I basically called my mom for help. Except when I say mom, I mean an esthetician.
Before I commence, I think it's important that you know that the research for this post involved equal parts gif searches and equal parts talking to in-the-know derms. And it might even be fair to say that I spent slightly more time looking and laughing at Google search results than I did conferring with experts. My goal is to serve you.
Anyway, let's jump right into these sweet wine waters. The topic, as you might have guessed, is red wine. More specifically, I'm talking about resveratrol, an ingredient that's found in red wine that has some pretty rad benefits when it comes to topical applications.
To be clear, I'm not saying you should dump a bottle of red wine all over your face. I am, however, filling you in on all those products that market wine as a primary ingredient. While many of them tout wine as the star — and why not? It's familiar and fun — it's actually the resveratrol found in wine that's doing most of the work.
So... What is Resveratrol?
Resveratrol is a super-potent, naturally occurring antioxidant that belongs to the family of phenylpropanoids, which are not an extraterrestrial species but rather a group of organic compounds produced by plants.
"It's secreted in response to stresses that the plants face and acts a protective mechanism," explains Manhattan-based dermatologist Dhaval Bhanusali. May we forever be thankful for the stress plants go through to give us resveratrol, amen.
Resveratrol is most notably found in red wine, thanks to red grape skins and purple grape juice, but it's also found in mulberries, cranberries, blueberries, peanuts, goji berries, eucalyptus and pomegranate.
What Are the Topical Perks of Resveratrol?
When applied topically, especially via products that absorb into skin instead of getting washed off, resveratrol prevents sun-related skincare damage, wards off collagen-damaging free radicals, and gives environmental pollutants the finger. In addition, topically applied resveratrol can stimulate cell production and collagen synthesis, making this ingredient a legit superstar where anti-aging is concerned.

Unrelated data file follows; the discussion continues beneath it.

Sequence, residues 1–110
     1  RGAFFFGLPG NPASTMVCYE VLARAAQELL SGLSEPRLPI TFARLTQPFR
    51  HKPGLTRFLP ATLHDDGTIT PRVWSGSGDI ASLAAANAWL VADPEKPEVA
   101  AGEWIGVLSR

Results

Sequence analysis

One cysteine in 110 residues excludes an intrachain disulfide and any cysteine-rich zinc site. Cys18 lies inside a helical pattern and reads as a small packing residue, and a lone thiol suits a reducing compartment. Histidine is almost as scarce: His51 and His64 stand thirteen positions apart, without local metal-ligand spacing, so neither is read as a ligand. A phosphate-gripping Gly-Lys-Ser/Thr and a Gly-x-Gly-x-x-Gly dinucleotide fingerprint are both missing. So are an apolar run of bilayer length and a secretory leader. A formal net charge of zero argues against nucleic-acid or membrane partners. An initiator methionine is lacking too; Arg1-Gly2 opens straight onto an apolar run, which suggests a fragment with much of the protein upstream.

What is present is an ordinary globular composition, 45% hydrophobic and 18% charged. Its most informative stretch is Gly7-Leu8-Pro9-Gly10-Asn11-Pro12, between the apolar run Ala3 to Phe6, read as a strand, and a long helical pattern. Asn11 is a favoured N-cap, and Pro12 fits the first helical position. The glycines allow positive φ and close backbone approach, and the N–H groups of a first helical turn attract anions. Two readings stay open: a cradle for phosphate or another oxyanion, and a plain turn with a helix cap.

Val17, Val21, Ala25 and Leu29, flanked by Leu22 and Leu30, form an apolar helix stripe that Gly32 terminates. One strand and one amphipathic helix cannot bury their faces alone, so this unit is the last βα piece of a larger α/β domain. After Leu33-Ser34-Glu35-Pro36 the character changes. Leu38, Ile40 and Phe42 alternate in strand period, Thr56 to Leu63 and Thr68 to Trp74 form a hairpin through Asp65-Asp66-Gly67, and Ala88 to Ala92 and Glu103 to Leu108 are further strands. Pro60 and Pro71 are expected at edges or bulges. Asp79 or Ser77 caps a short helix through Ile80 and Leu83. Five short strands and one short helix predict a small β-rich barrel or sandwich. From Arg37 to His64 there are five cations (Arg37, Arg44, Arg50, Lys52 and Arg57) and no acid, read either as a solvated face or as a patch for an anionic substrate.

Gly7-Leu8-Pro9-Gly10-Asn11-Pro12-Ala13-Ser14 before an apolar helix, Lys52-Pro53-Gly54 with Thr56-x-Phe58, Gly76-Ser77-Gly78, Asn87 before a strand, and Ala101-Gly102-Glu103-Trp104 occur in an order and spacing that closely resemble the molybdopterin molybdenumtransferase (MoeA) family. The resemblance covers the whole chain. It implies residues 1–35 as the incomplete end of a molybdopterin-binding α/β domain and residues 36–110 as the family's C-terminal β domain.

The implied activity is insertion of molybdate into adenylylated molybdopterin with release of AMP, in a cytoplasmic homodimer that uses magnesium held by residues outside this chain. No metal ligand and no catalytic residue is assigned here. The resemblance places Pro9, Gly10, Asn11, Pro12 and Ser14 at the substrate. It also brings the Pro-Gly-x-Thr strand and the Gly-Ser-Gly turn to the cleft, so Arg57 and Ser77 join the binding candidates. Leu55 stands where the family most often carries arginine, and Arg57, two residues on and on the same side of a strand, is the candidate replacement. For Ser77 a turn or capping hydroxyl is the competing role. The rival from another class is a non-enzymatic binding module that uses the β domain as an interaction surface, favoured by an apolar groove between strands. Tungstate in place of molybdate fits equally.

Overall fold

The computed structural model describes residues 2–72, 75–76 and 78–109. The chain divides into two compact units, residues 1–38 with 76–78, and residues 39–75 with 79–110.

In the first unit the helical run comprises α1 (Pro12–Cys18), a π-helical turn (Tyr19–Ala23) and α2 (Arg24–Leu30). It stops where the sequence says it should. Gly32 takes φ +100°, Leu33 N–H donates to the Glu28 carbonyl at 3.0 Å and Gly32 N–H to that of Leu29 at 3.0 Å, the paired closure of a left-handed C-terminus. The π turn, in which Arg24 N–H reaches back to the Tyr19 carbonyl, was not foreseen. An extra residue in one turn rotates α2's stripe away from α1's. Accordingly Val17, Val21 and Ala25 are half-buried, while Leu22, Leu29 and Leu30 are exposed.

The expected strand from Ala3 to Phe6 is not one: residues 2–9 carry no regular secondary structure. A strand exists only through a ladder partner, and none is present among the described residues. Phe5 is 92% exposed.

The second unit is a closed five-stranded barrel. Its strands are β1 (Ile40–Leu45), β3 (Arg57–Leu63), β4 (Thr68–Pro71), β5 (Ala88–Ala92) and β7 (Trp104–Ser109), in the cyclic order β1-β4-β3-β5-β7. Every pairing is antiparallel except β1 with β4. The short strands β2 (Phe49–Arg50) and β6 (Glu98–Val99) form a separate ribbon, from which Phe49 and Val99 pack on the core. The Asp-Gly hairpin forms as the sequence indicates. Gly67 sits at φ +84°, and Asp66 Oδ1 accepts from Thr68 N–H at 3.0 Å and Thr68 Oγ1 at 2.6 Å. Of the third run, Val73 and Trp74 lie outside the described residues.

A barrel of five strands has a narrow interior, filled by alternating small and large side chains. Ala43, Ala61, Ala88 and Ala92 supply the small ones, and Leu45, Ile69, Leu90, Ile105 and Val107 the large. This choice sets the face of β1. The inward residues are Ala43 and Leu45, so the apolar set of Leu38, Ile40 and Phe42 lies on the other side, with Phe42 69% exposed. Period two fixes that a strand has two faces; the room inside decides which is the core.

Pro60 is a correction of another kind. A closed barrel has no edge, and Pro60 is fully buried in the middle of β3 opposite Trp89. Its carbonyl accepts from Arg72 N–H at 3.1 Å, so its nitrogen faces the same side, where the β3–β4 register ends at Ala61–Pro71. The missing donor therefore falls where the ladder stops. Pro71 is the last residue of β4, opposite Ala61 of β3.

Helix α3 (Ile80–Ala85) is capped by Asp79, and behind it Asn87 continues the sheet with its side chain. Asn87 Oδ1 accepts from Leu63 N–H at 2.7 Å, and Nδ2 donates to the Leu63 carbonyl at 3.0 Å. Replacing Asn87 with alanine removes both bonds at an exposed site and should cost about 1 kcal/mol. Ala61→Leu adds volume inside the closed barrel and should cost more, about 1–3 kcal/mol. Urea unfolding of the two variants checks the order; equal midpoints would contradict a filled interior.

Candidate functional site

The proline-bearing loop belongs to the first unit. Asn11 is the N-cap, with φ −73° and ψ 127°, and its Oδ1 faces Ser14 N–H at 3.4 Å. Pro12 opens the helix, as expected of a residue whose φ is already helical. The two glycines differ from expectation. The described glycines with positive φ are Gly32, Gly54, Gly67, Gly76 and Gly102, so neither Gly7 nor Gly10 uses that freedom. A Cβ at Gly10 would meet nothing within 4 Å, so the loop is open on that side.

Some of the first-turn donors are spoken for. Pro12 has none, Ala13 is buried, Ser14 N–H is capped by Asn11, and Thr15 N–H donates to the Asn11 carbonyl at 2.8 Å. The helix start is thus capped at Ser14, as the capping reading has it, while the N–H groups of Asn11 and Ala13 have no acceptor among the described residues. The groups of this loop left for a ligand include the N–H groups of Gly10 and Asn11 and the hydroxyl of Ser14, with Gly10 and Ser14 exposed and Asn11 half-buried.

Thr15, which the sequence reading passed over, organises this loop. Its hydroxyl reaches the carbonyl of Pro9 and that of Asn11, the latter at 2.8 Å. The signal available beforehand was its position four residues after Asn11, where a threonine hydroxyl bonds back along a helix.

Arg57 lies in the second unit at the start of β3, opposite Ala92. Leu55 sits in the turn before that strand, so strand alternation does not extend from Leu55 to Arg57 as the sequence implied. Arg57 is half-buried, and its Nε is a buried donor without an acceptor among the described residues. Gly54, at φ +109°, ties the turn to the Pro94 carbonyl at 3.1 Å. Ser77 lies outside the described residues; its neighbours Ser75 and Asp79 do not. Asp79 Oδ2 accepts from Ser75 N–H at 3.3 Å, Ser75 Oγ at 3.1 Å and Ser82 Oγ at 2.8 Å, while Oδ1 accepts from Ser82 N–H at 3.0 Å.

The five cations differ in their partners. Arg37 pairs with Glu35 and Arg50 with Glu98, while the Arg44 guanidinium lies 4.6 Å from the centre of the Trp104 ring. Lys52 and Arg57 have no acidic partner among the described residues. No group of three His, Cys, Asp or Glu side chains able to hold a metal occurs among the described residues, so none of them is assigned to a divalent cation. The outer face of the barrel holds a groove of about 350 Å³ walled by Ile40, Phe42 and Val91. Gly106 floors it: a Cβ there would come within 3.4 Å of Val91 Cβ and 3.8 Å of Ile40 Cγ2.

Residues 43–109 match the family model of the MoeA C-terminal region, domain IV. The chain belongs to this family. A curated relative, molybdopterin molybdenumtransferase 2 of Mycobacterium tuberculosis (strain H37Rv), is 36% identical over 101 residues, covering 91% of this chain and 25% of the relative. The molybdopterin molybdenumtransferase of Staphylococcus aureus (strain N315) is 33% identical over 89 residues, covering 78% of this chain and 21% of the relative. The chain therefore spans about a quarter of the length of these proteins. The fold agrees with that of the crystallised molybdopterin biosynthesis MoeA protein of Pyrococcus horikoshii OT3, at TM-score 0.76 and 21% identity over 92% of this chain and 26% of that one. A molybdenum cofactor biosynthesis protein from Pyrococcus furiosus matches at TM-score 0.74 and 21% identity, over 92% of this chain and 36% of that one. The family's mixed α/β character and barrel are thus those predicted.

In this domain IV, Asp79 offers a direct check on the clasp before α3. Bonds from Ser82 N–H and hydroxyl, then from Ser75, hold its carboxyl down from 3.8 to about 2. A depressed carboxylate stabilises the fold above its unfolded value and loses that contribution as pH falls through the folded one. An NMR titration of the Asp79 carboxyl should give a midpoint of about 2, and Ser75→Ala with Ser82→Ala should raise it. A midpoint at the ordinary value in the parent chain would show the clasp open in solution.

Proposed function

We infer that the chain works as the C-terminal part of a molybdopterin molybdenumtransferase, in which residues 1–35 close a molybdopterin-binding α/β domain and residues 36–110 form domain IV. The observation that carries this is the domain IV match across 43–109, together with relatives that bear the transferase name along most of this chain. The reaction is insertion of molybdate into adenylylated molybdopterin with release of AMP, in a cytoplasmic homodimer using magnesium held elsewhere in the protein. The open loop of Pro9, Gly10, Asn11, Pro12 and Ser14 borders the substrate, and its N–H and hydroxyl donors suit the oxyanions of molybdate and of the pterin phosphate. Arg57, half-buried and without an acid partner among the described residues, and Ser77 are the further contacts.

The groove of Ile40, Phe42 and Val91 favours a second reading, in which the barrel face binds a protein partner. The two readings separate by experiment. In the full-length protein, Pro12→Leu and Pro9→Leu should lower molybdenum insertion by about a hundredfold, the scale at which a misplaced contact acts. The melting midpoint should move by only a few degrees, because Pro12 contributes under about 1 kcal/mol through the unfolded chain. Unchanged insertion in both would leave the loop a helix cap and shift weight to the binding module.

Interestingly, and surprisingly, resveratrol (done right) can be 37% more effective at protecting the skin than vitamin C (!!!), and 65% more effective compared to vitamin E, says dermatologist Carl Thornfeldt. He's been in the biz for 30 years and writes/studies cosmeceuticals, skincare treatments and natural products, so he knows what's up.
In terms of proper application, Dr. Bhanusali says he likes combining resveratrol with vitamin C "to get a strong one-two punch of antioxidants." His second derm hack is to apply resveratrol skincare products before your moisturizer in order to maximize absorption.
Both of the masks I'm holding above admittedly have only trace amounts of resveratrol. They're still fun to wear, though, and make for a fun wine night either with yourself, your SO, or a group of friends.
For some more potent product suggestions, I asked the dermatologists I spoke to about their choice recommendations. Almost every single one of them shot back with SkinCeuticals Resveratrol B E.
"It has vitamin E in there, as well, and absorbs great," notes Dr. Bhanusali. "I also have seen an improved texture and tone in some of my patients which is a good substitute if they can't tolerate traditional toners."
So there you have it. Thoughts? Concerns? Have I at least inspired a wine and face mask night? Let's talk.